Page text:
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Hybrid organic–inorganic rotaxanes and molecular shuttles

Abstract

The tetravalency of carbon and its ability to form covalent bonds with itself and other elements enables large organic molecules with complex structures, functions and dynamics to be constructed. The varied electronic configurations and bonding patterns of inorganic elements, on the other hand, can impart diverse electronic, magnetic, catalytic and other useful properties to molecular-level structures. Some hybrid organic–inorganic materials that combine features of both chemistries have been developed, most notably metal–organic frameworks1, dense and extended organic–inorganic frameworks2 and coordination polymers3. Metal ions have also been incorporated into molecules that contain interlocked subunits, such as rotaxanes4,5,6,7 and catenanes6,8, and structures in which many inorganic clusters encircle polymer chains have been described9. Here we report the synthesis of a series of discrete rotaxane molecules in which inorganic and organic structural units are linked together mechanically at the molecular level. Structural units (dialkyammonium groups) in dumb-bell-shaped organic molecules template the assembly of essentially inorganic ‘rings’ about ‘axles’ to form rotaxanes consisting of various numbers of rings and axles. One of the rotaxanes behaves as a ‘molecular shuttle’10: the ring moves between two binding sites on the axle in a large-amplitude motion typical of some synthetic molecular machine systems11,12,13,14,15. The architecture of the rotaxanes ensures that the electronic, magnetic and paramagnetic characteristics of the inorganic rings—properties that could make them suitable as qubits for quantum computers16,17,18—can influence, and potentially be influenced by, the organic portion of the molecule.

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Figure 1: Synthesis and X-ray crystal structure of hybrid organic-inorganic [2]rotaxane 2c.
Figure 2: 1H NMR spectra (500 MHz, C2D2Cl4).
Figure 3: Synthesis of hybrid organic–inorganic [3]rotaxane 5b, [4]rotaxane 6b and molecular shuttle 4a.
Figure 4: X-ray crystal structures.

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Acknowledgements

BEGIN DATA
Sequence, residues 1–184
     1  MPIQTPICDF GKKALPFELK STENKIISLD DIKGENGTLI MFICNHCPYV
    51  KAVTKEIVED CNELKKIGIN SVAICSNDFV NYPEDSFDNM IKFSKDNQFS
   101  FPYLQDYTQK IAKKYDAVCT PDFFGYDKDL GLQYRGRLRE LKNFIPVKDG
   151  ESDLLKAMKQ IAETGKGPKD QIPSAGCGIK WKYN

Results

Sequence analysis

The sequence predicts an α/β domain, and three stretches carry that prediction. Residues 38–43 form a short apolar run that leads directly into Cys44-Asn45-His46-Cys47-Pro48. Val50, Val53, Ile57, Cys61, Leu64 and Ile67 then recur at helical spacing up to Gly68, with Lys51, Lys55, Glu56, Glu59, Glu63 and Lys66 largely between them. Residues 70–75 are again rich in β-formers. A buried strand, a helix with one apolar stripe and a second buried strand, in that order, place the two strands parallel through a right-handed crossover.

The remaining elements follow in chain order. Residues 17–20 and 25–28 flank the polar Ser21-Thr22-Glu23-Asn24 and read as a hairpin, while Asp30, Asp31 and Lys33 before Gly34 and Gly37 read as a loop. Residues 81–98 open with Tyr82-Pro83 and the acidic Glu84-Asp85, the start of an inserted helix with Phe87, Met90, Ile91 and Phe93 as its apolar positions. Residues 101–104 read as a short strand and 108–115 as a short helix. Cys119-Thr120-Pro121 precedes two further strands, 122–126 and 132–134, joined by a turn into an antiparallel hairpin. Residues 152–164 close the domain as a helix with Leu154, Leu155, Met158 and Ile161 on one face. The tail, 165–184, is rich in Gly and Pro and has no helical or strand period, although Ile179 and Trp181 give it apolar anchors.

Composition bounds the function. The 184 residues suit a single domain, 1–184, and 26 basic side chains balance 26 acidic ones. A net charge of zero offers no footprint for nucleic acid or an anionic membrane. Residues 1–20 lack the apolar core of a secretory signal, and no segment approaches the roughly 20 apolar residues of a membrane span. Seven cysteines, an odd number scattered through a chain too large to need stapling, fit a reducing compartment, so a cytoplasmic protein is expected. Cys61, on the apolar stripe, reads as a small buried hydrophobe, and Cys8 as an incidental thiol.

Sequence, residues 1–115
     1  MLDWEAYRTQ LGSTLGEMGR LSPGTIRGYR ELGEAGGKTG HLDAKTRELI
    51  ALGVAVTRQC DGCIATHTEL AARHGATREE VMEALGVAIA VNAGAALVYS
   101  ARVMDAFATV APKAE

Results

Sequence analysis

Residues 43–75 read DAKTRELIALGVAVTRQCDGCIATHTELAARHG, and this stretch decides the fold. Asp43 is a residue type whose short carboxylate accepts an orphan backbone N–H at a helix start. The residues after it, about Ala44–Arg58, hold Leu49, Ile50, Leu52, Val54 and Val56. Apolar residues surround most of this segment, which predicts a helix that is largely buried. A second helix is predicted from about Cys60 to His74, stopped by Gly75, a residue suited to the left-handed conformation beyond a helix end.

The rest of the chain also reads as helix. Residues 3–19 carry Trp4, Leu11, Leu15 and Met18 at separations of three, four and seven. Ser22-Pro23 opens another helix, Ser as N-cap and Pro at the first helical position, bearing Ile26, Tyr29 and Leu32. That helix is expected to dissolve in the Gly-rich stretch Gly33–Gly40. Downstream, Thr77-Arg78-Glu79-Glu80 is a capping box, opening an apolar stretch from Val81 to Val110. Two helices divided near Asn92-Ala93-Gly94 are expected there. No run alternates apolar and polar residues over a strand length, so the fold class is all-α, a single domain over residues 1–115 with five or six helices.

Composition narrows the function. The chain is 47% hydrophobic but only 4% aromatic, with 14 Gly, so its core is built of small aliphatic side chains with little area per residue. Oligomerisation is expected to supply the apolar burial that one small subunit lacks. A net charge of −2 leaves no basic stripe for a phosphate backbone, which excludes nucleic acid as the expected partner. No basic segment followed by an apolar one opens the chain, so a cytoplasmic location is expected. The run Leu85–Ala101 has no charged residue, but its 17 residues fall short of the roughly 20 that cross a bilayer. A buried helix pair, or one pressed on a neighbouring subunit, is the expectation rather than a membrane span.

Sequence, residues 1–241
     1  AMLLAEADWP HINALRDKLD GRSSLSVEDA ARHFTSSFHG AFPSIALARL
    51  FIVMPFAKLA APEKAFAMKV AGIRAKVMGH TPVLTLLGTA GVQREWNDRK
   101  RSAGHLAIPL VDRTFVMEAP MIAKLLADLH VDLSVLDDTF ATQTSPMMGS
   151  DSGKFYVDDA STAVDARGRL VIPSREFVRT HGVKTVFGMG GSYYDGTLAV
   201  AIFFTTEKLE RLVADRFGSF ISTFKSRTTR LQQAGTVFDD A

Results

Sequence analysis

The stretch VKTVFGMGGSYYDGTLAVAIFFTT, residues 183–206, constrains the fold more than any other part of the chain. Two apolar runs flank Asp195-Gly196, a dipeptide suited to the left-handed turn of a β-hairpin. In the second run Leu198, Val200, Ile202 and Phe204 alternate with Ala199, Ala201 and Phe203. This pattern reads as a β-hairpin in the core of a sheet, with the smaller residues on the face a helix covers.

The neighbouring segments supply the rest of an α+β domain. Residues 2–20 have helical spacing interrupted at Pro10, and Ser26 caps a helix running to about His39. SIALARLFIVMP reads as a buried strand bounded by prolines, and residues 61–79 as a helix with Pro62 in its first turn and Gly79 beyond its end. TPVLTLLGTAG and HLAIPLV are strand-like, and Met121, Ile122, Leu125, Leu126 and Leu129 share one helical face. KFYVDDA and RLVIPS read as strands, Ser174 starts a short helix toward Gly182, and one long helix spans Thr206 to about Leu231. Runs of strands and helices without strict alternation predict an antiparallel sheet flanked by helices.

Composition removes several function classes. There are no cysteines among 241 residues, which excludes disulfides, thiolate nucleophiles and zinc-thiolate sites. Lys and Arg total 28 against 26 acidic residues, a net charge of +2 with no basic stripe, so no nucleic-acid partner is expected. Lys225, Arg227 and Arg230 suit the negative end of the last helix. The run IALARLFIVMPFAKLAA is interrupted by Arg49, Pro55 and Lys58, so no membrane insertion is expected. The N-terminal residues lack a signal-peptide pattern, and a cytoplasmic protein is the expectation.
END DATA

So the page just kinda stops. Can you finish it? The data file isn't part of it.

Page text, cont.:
We thank J. Bella for the exchange spectroscopy NMR experiments, W. Sun for assistance with the preparation of thread 1c and the Engineering and Physical Sciences Research Council (EPSRC) National Mass Spectrometry Service Centre (Swansea, UK) for high-resolution mass spectrometry. This research was funded by the European Commission (through the NoE ‘MAGMANet’) and EPSRC. The Advanced Light Source is supported by the Director, Office of Science, Office of Basic Energy Sciences, of the US Department of Energy under contract no. DE-AC02-05CH11231. D.S. is a Swiss National Science Foundation postdoctoral fellow. D.A.L. is an EPSRC Senior Research Fellow and holds a Royal Society Wolfson Research Merit Award.

Author Contributions C.-F.L., D.S. and G.A.T. carried out the synthesis and characterization studies, helped plan the experiments and participated in the preparation of the manuscript. R.G.P. and S.J.T. collected the X-ray data and solved the crystal structures. D.A.L. and R.E.P.W. helped plan the experiments and prepare the manuscript.

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Correspondence to David A. Leigh or Richard E. P. Winpenny.

Additional information

The crystallographic data and experimental details of the structural refinement for the X-ray crystal structures reported in this paper have been deposited at the Cambridge Crystallographic Data Centre, under deposition numbers CCDC 705132–CCDC 705135. These data can be obtained free of charge from the Cambridge Crystallographic Data Centre (http://www.ccdc.cam.ac.uk/data_request/cif).

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This file contains Supplementary Notes, Supplementary Figures S1-S11 with Legends and Supplementary Tables S1-S5 (PDF 4727 kb)

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Lee, CF., Leigh, D., Pritchard, R. et al. Hybrid organic–inorganic rotaxanes and molecular shuttles. Nature 458, 314–318 (2009). https://doi.org/10.1038/nature07847

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